After a great run of form, Dilrosun didn’t have his most effective outing in a blue shirt. His struggled a little to find space as United sat back, likewise Buckley on the right. Neither were bad, but neither reached their usual high standards. Brahim was quiet in the first half, often crowded out as he started at the peak of the midfield three. He was switched out wide left after Dilrosun was replaced and he found considerably greater joy. He frequently beat the right-back and his goal was lovely. He showed a touch of real class to let the ball run across him to give himself the half of yard he needed, before finishing coolly. Nmecha was good. He’s a real prospect and he’s becoming quite a physical specimen now too. He held the ball up well, intelligently linked play with those around him and he got his usual goal too. He’s a very interesting prospect, a complete striker really. Other than consistency and experience, he has no real weaknesses to his game and he’ll surely feature heavily for the EDS next season. There was little to do defensively, with United only really mustering one half shot from the edge of the area throughout the entire game. Humphreys and Oliver strolled the first half before the former was replaced by Ash Kigbu at the interval. It was good to see the young defender back after a spell out injured, and there was one reminder of his power as he drove powerfully past two United challenges towards goal.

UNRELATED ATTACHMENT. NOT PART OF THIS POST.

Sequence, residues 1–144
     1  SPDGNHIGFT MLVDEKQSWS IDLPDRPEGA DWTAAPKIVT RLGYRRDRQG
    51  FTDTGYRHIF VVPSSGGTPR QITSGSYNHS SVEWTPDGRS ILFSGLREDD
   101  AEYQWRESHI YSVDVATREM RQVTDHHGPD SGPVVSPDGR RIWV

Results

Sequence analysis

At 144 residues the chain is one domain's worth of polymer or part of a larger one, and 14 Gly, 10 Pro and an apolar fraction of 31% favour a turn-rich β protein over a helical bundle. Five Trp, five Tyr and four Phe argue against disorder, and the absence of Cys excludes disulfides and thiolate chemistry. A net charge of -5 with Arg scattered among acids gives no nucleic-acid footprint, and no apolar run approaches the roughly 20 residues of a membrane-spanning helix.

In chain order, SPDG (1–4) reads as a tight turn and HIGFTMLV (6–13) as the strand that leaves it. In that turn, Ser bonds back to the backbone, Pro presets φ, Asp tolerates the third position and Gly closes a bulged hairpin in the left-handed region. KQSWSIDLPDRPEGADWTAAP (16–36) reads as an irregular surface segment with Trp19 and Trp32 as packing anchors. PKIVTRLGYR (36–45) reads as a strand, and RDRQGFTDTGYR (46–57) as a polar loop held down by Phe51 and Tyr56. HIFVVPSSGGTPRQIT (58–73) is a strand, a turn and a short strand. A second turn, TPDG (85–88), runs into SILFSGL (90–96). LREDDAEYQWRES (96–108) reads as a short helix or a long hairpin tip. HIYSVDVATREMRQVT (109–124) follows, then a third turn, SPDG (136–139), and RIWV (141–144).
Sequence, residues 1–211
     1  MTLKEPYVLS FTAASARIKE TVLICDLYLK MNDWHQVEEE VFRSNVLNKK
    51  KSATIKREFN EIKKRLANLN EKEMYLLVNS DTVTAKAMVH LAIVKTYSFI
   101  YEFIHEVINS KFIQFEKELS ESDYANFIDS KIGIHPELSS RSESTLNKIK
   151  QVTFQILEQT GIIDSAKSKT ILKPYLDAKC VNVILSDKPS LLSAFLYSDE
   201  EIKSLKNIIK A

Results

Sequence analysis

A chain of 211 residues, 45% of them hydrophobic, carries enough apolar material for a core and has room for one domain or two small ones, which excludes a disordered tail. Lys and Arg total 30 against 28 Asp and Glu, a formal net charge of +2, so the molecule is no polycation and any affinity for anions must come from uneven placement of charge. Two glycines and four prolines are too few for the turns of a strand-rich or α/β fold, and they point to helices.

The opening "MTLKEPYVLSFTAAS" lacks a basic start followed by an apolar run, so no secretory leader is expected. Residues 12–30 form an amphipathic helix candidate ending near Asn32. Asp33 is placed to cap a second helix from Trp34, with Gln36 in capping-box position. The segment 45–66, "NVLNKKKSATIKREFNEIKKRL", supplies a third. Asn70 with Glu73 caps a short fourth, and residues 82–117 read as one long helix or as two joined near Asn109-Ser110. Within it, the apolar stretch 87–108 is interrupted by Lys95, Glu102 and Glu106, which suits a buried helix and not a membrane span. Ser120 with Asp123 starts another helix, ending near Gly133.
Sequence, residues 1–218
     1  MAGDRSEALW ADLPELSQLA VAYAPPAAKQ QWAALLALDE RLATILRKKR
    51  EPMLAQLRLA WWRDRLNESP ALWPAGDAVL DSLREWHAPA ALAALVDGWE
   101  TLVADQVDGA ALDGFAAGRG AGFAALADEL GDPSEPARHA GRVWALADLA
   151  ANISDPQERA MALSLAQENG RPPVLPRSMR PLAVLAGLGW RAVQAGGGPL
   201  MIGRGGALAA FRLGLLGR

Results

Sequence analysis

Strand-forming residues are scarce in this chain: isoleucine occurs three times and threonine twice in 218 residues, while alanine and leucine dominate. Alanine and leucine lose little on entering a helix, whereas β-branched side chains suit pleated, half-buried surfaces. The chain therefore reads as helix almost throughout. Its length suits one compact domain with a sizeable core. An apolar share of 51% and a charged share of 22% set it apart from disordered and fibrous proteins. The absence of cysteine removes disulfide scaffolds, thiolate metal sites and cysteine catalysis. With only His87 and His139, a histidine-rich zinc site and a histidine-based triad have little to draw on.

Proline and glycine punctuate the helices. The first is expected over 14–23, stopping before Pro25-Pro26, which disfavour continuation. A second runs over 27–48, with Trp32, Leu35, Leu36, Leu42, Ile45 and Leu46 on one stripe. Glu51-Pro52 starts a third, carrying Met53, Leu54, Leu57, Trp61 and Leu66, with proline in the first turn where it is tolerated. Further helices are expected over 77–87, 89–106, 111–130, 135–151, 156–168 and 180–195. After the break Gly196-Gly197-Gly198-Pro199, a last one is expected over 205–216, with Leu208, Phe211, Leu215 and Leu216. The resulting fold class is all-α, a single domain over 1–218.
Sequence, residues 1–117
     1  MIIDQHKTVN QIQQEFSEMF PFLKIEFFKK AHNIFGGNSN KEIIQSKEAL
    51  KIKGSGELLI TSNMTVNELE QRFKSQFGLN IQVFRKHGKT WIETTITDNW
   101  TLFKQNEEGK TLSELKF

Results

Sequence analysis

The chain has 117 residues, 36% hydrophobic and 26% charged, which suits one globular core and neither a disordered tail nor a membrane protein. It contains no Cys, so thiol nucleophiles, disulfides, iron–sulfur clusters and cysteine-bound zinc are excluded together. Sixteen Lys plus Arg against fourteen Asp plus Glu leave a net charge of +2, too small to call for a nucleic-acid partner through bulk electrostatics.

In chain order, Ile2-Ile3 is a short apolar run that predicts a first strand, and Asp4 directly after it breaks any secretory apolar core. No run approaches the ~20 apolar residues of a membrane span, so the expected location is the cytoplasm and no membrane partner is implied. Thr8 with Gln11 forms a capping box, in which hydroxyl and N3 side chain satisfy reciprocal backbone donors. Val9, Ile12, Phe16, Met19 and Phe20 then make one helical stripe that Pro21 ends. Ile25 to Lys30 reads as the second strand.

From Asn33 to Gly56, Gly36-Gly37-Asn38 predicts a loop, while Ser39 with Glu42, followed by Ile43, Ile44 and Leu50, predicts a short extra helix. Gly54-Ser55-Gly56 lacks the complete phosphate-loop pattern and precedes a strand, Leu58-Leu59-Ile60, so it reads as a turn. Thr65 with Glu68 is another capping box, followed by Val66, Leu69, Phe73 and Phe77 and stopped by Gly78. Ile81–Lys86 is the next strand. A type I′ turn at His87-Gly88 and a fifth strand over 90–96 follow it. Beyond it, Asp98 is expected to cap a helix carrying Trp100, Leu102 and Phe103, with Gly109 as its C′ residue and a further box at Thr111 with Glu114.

Duhaney at right-back had a solid game, supporting Buckley where he could. He had little space to work with, yet he showcased some superbly intricate footwork, driving into the area past United’s left-back. Fernandes grabbed ten minutes ahead of him on the right as a late sub for Isaac Buckley, and he looked as tricky and as graceful as ever. With his first touch he proceeded to turn his opponent inside out three times, yet he could only drag his shot into the side-netting. Patching had a thirty minute runout too, elegantly keeping things ticking over, though like others he found United’s packed back-line a little hard to breach. Grimshaw was literally a spectator. He had absolutely nothing to do other than keep warm on a surprisingly blustery day. He watched as City kept the ball and the referee blew for full-time. The result confirmed City’s place in top four ahead of the league splits in a few weeks time. It left City a remarkable 33 points ahead of United as they extended their lead at the top of the table. The merging of the top four teams from the southern division with those from this league should be fascinating. Chelsea are incredibly strong and they’ll provide a stern challenge, likewise Fulham and Reading. Long before that though, these two teams meet again in the return game at the Carrington training complex. It’ll be a relatively non-event for both teams, with nothing other than local pride at show, but it’ll be keenly fought. You suspect there will be space for City to counter as the away team, and it’ll be another intriguing contest. There will be a report here at City Watch, as ever, after the game.